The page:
For those unfamiliar with the brand, South by Southwest is an arts and media conference set in Austin, Texas. What started as a simple festival grew to become a collection of SXSW events covering music, film, comedy, technology, education, start-ups and more. Quite simply, there is so much going on, it would be impossible for someone to partake in everything the gathering has to offer.
Its roots go back to 1986, when Ronald Swenson of The Austin Chronicle and New York City’s New Music Seminar wanted to do a Southwest version in Austin, which back then was much more under-the-radar as a city. Though it never got organized, Swenson went ahead and put together a local music festival, whose name was inspired by Alfred Hitchcock’s North by Northwest. He teamed up with Chronicle editor Louis Black and publisher Nick Barbaro, who are still key members of SXSW. Expecting around 150 attendees for their 1987 inauguration, the organizers were surprised to see a crowd of 700 show up for what they advertised as a regional event, with Black remarking “it was national almost immediately.”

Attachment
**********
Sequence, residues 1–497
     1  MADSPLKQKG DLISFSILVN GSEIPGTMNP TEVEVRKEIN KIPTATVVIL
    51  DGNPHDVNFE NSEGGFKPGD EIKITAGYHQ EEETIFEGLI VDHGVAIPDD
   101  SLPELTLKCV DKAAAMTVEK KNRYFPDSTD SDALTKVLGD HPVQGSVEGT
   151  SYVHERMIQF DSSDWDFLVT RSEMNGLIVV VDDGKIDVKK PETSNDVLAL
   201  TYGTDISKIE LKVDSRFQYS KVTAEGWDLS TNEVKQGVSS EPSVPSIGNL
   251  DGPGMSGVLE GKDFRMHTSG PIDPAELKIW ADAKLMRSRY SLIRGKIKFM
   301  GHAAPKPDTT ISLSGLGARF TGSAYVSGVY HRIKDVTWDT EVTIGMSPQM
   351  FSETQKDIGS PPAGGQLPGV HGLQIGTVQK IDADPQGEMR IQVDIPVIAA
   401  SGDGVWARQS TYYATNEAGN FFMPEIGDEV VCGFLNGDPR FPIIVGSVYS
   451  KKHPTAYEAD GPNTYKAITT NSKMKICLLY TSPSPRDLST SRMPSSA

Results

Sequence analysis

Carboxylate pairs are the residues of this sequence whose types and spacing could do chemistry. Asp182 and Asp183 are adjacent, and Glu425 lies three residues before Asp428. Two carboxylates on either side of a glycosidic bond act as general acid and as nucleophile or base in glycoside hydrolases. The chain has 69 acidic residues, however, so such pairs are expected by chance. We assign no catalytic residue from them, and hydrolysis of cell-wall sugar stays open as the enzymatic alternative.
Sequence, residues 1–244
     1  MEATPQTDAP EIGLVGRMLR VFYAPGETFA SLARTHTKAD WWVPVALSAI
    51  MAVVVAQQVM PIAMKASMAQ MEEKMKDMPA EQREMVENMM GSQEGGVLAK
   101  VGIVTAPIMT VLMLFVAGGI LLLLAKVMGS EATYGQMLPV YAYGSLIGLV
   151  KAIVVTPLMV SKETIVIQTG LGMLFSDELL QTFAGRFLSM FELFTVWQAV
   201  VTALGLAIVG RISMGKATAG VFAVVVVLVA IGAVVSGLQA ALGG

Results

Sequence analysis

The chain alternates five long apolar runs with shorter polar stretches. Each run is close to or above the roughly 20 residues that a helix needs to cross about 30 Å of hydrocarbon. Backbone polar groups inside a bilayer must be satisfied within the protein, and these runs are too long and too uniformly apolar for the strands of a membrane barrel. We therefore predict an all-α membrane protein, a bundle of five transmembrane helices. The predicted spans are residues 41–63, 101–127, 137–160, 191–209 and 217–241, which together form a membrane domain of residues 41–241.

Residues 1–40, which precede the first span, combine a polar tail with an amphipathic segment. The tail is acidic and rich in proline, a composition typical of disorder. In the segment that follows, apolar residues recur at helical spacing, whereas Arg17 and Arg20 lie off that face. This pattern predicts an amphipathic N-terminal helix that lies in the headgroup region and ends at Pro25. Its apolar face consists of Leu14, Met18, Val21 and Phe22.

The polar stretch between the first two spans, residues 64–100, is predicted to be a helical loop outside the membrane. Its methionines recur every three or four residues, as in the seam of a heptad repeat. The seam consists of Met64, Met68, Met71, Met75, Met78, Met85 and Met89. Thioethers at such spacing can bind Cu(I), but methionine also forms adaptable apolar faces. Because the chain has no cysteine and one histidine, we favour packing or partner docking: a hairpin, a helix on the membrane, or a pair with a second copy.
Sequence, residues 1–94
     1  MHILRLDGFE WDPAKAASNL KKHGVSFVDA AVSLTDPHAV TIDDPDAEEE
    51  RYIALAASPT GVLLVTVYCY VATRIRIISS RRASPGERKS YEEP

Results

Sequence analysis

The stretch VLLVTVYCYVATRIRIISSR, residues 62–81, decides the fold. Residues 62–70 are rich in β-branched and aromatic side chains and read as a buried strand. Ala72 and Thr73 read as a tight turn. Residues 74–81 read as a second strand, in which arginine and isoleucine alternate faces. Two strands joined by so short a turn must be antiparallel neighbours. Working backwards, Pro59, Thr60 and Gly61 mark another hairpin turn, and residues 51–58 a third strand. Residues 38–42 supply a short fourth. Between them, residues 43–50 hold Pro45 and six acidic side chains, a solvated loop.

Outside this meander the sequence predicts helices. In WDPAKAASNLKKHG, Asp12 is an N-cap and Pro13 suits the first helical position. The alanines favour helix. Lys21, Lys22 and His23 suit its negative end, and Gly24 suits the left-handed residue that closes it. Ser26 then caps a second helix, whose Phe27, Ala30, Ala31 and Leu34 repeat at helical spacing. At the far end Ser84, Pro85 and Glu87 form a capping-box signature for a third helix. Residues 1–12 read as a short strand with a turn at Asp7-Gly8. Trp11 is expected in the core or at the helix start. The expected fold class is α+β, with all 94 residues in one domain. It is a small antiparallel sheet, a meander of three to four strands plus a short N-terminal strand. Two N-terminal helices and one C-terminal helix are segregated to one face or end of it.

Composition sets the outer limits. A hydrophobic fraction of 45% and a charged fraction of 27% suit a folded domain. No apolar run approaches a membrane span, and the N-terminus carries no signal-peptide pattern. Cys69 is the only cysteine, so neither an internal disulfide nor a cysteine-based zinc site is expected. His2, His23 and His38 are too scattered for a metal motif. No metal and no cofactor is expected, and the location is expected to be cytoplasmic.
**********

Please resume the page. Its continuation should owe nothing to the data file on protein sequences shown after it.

Since then, SXSW has grown in both scope and ambition. Their film festival has hosted more than 50 world premiers, including the Academy Award-winning Hurt Locker. SXSW Interactive, which has been called a start-up accelerator, has showcased notable speakers from Mark Zuckerberg to Edward Snowden and Julien Assange. It also saw the launch of Foursquare and helped get some early traction for Twitter before hitting the mainstream.
At its heart, SXSW is still a music conference, with so many performances across the city no two people are going to have the same experience. In addition to tech start-ups, the festival has been known to serve as a launching pad for up-and-coming acts. John Mayer, The Polyphonic Spree and James Blunt were able to crossover into the mainstream thanks to performances there, though critics are starting to admonish the growing emphasis on mainstream entertainment. 2013’s gathering was marked by a high corporate presence in SXSW Interactive, with detractors like NPR’s Andrea Swensson saying the festival has, “strayed far away from its original premise as a grassroots gathering for new, undiscovered talent and increasingly feels like a big ol’ Times Square billboard-sized commercial.”
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